On January 26, I visited the COA head office again and had a brief talk with the two nameless COA representatives. I told them about my meeting with the police in Rotterdam and that the police had told me that they had not been informed by COA about the alleged rape case.

I therefore asked why COA had given me wrong information which could jeopardise and distract my independent investigation into the rape allegation. Their answer was: “We have informed and instructed the local police to investigate the rape case and we know through the local police that the criminal police in Rotterdam are also fully informed and that they are busy investigating the alleged rape issue.”

I then asked the two gentlemen representing COA what I was supposed to understand by “local police” and in which city or town were they based?. The COA people, however, as insensitive as they were, flatly refused to respond to my question or to cooperate with me in any manner. I thus departed from them on a rather sour note.

Why is Nobody Arrested by the Police if the Rape Story Leaked by COA was Based on Facts?

Considering the gravity of the alleged incident, if the rape case has really taken place, as alleged, at the Eritrean Orthodox church and with the involvement of church personnel, then the law, the COA and the foster parents of the affected young Eritrean girls would have been actively involved in requesting the law-enforcement authorities to arrest those suspected of involvement either directly or indirectly in the sex-abuse case and to investigate the matter thoroughly.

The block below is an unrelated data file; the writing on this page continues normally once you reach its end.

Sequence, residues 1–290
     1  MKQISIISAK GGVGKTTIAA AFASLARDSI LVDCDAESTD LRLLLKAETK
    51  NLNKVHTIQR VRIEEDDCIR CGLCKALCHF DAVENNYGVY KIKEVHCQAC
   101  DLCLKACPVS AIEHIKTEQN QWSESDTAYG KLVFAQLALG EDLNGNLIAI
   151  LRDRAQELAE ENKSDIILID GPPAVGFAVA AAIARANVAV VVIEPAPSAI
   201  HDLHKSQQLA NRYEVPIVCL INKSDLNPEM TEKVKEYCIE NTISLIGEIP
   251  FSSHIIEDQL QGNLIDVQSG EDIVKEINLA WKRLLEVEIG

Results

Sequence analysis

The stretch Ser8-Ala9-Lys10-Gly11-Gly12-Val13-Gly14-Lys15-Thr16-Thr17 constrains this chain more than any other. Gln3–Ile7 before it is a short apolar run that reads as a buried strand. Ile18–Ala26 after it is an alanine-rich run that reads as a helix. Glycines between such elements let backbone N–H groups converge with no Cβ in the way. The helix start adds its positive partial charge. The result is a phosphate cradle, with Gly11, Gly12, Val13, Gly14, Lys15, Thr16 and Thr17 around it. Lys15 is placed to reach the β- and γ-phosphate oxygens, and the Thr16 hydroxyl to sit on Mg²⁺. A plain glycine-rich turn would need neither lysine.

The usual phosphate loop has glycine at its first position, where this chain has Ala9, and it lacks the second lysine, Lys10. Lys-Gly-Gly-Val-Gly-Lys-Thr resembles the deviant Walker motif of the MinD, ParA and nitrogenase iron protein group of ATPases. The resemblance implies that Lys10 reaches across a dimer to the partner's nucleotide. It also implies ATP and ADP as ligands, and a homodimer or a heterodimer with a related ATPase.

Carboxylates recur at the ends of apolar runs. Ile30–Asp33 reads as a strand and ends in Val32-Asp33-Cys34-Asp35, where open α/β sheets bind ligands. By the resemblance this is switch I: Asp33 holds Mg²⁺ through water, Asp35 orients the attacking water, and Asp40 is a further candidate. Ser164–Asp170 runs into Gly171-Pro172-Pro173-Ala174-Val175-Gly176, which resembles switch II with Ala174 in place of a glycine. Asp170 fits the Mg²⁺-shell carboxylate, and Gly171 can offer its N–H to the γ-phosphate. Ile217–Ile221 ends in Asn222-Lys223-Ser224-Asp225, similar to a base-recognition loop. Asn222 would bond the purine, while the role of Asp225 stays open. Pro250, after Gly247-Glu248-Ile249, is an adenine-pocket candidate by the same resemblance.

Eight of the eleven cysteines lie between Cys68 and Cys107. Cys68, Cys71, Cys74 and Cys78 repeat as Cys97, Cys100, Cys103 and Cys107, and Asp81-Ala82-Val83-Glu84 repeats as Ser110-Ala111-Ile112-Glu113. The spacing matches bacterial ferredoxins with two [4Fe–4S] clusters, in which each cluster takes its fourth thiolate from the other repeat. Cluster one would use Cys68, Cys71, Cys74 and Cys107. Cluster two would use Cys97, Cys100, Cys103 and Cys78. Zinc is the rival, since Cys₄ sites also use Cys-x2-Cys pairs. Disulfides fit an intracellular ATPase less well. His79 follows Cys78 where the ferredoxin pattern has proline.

Similarly, if priests and other Eritreans had been really involved, or had participated in, a rape case at the church, as alleged, why were they not arrested immediately and named and shamed?

Likewise, if the rape case levelled against the Church and its administrators turns out to be utterly false, COA and its associate organisations must openly recant the story, apologise to the Church and its leaders and compensate them for the damages inflicted.

What is more, if the police were engaged in seriously investigating the matter, as COA wants us to believe, one would expect by now that the police would have informed all concerned and the public at large of the outcome of their preliminary investigations.

Some Pertinent Questions Which Beg Honest Answers

In connection with the unresolved rape issue, the following pertinent questions require sound corresponding answers. Why did the COA authorities refuse to discuss the matter with me in an open and transparent manner?

Similarly, why did they (COA) tell me that they had reported the matter to the Rotterdam criminal police when they knew perfectly well that they had not passed on any information nor requested them to investigate the rape case?

What about the alleged victims of rape: are they really under age or did they simply present themselves as under age at the time they requested political asylum in order to get a sympathetic hearing of their case? Are there some monetary, educational or other gains and benefits if a refugee applicant presents themselves as a minor?